This time last year—amidst all the hoopla surrounding the finalization of the Stage 1 meaningful use requirements—it appeared that the commercial insurance companies were ready to jump on the meaningful use bandwagon and follow the government’s lead. What has happened to their interest? I have not read about the development of such programs since the initial announcement of the carriers’ intentions.
Aetna promised to reward the achievement of specific quality goals, and United HealthGroup, WellPoint, and Highmark (a Blue Cross Blue Shield program) said they were going to make meeting meaningful use criteria the basis for rewards in their programs. The general consensus was that we could expect many more carriers to align their payment systems with the EHR incentive program—but this has not happened.
What caused the private sector to abandon the rush to meaningful use? I believe that the following are the factors preventing private payers from embracing meaningful use and incorporating it into their reimbursement schemes:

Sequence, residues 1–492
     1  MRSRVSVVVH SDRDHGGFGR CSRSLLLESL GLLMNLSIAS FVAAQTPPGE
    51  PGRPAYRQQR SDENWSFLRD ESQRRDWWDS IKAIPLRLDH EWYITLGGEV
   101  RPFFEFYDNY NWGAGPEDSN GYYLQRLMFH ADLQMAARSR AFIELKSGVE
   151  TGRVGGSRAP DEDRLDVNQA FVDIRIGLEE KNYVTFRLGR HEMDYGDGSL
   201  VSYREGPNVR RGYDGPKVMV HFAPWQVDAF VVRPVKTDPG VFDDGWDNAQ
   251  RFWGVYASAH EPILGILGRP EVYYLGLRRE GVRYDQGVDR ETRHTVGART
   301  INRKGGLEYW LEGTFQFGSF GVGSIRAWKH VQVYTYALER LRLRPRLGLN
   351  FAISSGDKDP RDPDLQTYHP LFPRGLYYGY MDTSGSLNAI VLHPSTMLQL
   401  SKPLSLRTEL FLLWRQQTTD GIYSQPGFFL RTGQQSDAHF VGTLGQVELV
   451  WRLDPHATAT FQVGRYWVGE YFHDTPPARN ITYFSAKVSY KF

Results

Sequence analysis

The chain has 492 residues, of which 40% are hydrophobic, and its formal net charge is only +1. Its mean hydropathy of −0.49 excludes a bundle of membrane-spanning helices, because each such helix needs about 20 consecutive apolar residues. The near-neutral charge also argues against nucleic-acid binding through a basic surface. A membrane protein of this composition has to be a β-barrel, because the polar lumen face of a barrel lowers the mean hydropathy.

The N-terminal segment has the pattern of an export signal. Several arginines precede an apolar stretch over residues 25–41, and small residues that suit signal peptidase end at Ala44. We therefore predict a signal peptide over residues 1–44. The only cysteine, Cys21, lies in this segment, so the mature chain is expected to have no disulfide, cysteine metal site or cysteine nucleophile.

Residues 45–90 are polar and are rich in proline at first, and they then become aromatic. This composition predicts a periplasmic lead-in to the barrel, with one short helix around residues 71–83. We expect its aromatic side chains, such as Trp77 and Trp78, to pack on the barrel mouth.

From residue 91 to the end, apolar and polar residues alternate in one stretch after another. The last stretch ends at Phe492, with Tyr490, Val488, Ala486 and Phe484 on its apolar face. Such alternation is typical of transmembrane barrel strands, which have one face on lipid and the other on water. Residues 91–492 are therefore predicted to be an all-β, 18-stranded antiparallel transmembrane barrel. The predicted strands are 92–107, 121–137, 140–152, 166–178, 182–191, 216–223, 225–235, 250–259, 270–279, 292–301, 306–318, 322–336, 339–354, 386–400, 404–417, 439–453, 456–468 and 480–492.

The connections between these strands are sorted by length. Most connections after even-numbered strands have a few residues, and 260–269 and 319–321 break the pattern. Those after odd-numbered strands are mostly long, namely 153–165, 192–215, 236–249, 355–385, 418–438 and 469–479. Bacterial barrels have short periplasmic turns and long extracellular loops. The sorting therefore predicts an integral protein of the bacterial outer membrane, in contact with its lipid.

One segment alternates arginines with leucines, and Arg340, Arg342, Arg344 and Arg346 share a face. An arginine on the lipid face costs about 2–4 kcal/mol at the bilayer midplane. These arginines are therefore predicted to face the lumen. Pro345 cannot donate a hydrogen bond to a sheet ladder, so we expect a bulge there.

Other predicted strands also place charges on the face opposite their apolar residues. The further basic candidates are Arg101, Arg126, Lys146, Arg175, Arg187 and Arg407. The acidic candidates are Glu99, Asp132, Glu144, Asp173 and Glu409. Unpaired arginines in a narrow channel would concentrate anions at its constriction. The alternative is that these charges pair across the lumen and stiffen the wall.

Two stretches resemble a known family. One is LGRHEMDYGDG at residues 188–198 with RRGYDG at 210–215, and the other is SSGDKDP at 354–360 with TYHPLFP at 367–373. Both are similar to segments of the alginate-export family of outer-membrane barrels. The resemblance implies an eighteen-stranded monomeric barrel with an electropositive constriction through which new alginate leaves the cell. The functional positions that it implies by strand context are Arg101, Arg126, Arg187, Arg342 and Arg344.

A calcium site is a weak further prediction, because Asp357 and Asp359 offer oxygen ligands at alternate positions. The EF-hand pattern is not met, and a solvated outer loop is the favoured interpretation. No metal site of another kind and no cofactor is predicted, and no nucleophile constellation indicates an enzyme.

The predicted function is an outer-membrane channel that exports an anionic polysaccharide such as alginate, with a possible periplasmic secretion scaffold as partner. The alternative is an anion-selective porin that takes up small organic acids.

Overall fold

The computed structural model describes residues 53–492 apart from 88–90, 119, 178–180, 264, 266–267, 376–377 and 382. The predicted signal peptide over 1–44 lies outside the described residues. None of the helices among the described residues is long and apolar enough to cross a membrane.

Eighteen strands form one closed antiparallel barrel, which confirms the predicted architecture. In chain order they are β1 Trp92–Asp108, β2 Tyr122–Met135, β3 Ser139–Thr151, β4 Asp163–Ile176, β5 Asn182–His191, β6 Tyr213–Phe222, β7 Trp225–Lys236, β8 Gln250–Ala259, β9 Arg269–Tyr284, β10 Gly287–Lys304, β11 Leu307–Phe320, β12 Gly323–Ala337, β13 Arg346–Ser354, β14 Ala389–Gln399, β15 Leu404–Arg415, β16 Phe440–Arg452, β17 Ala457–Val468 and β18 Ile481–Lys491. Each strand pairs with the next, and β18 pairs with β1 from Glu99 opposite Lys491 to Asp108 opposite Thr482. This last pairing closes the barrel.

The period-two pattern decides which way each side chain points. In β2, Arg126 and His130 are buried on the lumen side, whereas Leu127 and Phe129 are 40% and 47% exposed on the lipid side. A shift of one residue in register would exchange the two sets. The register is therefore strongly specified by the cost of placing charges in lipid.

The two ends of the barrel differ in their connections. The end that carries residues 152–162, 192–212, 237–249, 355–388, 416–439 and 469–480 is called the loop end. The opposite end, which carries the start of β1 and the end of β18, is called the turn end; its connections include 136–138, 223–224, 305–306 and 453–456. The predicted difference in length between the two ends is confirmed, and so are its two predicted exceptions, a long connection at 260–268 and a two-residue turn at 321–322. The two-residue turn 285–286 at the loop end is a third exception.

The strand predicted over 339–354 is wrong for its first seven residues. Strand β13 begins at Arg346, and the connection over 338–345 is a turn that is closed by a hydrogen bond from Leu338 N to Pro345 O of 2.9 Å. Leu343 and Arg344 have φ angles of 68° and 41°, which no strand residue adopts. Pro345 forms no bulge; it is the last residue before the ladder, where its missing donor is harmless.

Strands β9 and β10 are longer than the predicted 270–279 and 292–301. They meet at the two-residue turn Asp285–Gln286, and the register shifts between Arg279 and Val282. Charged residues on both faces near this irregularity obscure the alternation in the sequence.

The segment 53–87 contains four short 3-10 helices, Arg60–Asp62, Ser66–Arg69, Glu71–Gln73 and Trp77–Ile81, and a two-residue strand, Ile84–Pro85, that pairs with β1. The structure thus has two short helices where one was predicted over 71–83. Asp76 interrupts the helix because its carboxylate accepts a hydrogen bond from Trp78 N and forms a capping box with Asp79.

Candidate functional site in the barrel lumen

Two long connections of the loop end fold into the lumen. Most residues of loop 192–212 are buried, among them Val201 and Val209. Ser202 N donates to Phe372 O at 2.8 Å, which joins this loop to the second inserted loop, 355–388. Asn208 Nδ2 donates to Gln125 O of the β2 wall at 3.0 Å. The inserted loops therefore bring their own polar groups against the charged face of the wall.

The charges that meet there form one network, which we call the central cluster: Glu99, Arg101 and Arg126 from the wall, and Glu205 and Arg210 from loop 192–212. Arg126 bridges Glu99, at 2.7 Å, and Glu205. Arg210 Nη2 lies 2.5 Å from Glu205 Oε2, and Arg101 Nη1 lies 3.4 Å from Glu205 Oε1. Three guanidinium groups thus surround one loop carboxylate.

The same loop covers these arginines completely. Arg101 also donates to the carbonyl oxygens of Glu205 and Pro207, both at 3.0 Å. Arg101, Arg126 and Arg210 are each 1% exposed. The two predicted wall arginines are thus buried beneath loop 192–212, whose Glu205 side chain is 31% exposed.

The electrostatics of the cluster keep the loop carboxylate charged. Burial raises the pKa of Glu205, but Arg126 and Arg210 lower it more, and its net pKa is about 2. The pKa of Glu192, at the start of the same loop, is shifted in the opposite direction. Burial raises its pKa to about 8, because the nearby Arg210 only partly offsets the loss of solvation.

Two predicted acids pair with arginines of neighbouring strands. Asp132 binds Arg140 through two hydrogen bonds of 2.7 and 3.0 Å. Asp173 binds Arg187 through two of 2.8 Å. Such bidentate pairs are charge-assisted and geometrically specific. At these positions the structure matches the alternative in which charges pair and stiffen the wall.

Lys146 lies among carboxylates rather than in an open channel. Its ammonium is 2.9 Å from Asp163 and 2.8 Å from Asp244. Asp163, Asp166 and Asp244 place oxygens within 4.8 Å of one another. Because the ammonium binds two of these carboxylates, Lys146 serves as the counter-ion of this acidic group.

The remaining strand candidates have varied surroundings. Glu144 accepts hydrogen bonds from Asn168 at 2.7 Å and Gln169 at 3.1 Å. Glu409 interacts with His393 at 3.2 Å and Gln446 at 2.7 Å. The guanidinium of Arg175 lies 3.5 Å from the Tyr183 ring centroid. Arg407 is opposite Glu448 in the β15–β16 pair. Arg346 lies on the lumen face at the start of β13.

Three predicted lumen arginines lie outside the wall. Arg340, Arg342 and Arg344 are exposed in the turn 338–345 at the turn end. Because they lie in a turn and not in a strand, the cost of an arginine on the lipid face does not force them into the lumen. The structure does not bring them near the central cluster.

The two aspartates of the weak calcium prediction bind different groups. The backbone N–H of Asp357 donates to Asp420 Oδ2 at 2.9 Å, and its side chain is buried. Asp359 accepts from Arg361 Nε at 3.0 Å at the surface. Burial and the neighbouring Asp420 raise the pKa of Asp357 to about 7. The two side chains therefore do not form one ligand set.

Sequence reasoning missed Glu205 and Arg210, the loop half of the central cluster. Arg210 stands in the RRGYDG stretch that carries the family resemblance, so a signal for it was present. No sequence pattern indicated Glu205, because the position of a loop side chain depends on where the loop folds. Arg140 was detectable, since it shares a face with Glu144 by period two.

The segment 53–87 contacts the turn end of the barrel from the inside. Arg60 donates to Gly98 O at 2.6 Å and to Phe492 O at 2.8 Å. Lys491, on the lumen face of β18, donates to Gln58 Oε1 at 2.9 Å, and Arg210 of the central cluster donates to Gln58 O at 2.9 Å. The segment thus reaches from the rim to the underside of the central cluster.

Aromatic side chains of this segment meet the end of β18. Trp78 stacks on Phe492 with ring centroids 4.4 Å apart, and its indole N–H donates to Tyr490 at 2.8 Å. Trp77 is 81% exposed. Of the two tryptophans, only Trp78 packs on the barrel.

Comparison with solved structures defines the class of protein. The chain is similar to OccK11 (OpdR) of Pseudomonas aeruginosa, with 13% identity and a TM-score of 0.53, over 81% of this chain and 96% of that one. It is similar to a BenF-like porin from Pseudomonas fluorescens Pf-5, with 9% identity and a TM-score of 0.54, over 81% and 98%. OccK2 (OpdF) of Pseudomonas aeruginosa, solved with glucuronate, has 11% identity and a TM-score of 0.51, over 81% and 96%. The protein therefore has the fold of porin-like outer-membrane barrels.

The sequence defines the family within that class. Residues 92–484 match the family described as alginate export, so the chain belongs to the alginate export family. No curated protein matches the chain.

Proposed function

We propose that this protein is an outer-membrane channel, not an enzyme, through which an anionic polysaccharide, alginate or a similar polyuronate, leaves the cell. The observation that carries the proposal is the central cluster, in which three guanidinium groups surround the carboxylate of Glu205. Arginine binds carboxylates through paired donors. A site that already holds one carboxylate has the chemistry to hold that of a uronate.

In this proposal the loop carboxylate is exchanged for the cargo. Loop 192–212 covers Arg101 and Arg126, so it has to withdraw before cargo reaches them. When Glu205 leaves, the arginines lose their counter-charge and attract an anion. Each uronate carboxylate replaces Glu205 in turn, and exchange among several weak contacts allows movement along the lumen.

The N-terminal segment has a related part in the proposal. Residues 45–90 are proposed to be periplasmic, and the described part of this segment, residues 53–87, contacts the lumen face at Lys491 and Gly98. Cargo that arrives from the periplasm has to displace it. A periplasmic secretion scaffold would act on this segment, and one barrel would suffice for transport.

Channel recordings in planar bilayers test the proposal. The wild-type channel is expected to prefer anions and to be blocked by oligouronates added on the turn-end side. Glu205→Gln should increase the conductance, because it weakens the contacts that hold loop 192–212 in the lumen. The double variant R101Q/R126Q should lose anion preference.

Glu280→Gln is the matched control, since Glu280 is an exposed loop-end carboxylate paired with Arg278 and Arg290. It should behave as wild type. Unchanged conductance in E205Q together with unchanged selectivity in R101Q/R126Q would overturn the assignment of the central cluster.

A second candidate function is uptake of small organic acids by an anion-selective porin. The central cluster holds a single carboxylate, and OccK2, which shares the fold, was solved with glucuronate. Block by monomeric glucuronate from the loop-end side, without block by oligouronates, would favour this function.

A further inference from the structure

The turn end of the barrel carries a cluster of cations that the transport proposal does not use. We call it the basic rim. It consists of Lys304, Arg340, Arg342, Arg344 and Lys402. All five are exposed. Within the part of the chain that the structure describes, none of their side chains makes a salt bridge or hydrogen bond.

- CMS essentially acknowledges that the clinical quality measure data being collected through meaningful use will be of no real value. We have heard over and over, in response to criticisms levied, that for Stage 1 this is strictly a reporting exercise. Unlike PQRS, there are no thresholds to meet, physicians are being asked to report on measures not relevant to their practice, and no one’s medical practice is being judged on the numbers submitted.
- Private carriers cannot afford failure. They would like nothing more than to be able to use proven quality measures to drive quality and efficiency so that they can keep their premiums competitive and gain market share. But the evidence is not there yet.
- There has been a great deal of conversation about whether physicians are being pushed too hard and too fast. Providers are challenged by an overwhelming number of looming IT requirements. Registration for the EHR incentives is moving forward, but attestation numbers and incentive payments are lagging behind expectations.
- Insurance carriers also have a lot on their plates—health care reform, insurance exchanges, maintaining the required loss ratio, ICD-10, etc. Meaningful use is taking a back seat to other priorities.